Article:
Tuesday, August 26, 2014

Editing in Process...The Very Best of W. P. Kinsella

Very Best of W. P. Kinsella
Cover art by Thomas Canty
If you read this blog fairly regularly, you'll recall my post earlier in the month when I wrote about purchasing the Xcanex Professional Book and Document Scanner by piQx imaging. In that post I mentioned a huge scanning project I had begun working on at the time, which is why I was in a bit of a kerfuffle over scanners -- and the fact that my go-to scanner for nearly 10 years no longer worked with OmniPage Pro and Windows 7.

That scanning project is short story collection The Very Best of W. P. Kinsella, forthcoming in 2015 from Tachyon Publications.

And the project is indeed huge: approximately 138,000 words of fiction, all of which has to be scanned, then cleaned up and formatted, and finally copy edited.

If you've seen the movie Field of Dreams (1989), starring Kevin Costner, then you've experienced a wee taste of W. P. Kinsella, who wrote the novel Shoeless Joe (1982), upon which the movie is based. And Kinsella's novel is an expansion of his 1979 short story, "Shoeless Joe Jackson Comes to Iowa" -- which is included in this Very Best of collection. In the story, a corn farmer in Iowa hears a voice:
Two years ago at dusk on a spring evening, when the sky was a robin's-egg blue and the wind as soft as a day-old chick, as I was sitting on the verandah of my farm home in eastern Iowa, a voice very clearly said to me, "If you build it, he will come."

The voice was that of a ballpark announcer. As he spoke, I instantly envisioned the finished product I knew I was being asked to conceive. I could see the dark, squarish speakers, like ancient sailors' hats, attached to aluminum-painted light standards that glowed down into a baseball field, my present position being directly behind home plate.
The "he" in "he will come" is Joseph Jefferson Jackson, the "Shoeless Joe Jackson" in the title, one of the greatest baseball outfielders of all time -- who had passed away in 1951, years (and years) before our Iowa corn farmer heard that voice. But if our farmer builds that ballfield, he will come. [Note: Shoeless Joe had been mired in the Black Sox Scandal after the Chicago White Sox lost to the Cincinnati Reds in the 1919 World Series; Joe and seven other teammates were banned for life from baseball the following year.]

There are a few other baseball stories in this collection, but you don't need to know anything about baseball to enjoy these tales: baseball merely serves as a backdrop to these stories, which are about life and the human condition, often with a bit of the "fantastic" thrown in. My favorite story in the collection is "K Mart" -- but don't let the title fool you: it's the story of lost childhood love, nostalgia, and survival, all amidst the backdrop of a neighborhood dirt-lot baseball game, a game that seemed endless (to the children playing it), but only lasted throughout the summer months.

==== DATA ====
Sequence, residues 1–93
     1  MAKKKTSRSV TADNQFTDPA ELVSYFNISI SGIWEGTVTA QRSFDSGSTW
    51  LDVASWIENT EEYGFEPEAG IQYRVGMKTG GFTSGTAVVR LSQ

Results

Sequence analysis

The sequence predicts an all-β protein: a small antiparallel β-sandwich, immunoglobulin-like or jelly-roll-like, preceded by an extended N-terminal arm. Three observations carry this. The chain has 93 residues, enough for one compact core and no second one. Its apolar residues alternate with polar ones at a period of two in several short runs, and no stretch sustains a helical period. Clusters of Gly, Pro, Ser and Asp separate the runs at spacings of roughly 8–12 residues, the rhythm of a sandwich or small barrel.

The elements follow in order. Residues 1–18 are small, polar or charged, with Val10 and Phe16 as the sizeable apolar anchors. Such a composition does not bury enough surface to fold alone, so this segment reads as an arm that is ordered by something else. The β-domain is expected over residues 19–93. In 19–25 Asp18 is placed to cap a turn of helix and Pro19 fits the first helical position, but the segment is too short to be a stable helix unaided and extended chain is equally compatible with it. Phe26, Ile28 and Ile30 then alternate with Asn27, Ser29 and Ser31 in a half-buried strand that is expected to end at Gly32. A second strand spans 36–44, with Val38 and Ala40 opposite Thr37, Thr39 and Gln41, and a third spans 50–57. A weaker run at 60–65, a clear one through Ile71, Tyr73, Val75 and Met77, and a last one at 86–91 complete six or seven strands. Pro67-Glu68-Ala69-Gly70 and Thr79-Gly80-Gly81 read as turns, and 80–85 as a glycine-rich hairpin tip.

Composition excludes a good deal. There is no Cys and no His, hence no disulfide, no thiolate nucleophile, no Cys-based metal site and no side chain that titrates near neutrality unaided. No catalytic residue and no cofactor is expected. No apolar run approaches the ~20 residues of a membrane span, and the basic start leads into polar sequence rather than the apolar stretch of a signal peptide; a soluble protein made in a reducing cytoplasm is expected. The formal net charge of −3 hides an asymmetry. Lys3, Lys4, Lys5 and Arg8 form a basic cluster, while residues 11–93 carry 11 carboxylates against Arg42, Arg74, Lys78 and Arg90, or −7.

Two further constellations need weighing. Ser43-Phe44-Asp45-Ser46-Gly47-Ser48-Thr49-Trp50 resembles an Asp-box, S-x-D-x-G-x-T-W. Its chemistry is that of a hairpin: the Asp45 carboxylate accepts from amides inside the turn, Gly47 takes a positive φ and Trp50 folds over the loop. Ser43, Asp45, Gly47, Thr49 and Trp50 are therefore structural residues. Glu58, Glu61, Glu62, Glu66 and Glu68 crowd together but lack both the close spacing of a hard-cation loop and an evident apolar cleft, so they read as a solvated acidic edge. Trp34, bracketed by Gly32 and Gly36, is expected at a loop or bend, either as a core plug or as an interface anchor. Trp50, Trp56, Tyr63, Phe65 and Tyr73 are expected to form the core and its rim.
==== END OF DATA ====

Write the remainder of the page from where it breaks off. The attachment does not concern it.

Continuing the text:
W. P. Kinsella is also well-known for his "First Nation" stories about the indigenous Cree on the Hobbema Reserve near Edmonton, Canada. These stories reflect the Cree's destitute and disadvantaged culture, yet add an element of humor by exploring the convoluted situations (and shenanigans) they get into trying to survive in a world dominated by white people. But even with the element of humor, there is a sadness to all of these stories. What is especially delightful about these stories is that Kinsella's characters -- Silas (the narrator), Frank Fencepost, Mad Etta, Bedelia Coyote, Sadie One-wound, and Rufus Firstrider, to name just a few -- appear in all the stories. By the time you finish reading this collection, you'll certainly consider them acquaintances, if not friends. In "Beef," Bedelia Coyote determines that a treaty the Cree signed with the Canadian government in the 1800s is still valid, and she files the necessary paperwork so that the reserve receives financial compensation. But Frank Fencepost has a better scheme in mind: he hijacks the paperwork and requests the government honor the compensation put forth in the original treaty: cattle -- figuring he can make more from the cattle than the money the government was offering. The title of the story, "Beef," says it all.

Thursday, August 21, 2014

Austin Musician Suzanna Choffel

So I was channel surfacing last night at about 8:30pm, looking for something to watch for a half hour, and I saw a listing in the paper for "Austin Musicians" on San Mateo's PBS station, KCSM. So I hit the remote for cable channel 17. The show was an hour-long broadcast of the 2013 All ATX concert at the Moody Theater in Austin, a benefit to support the Health Alliance for Austin Musicians (HAAM).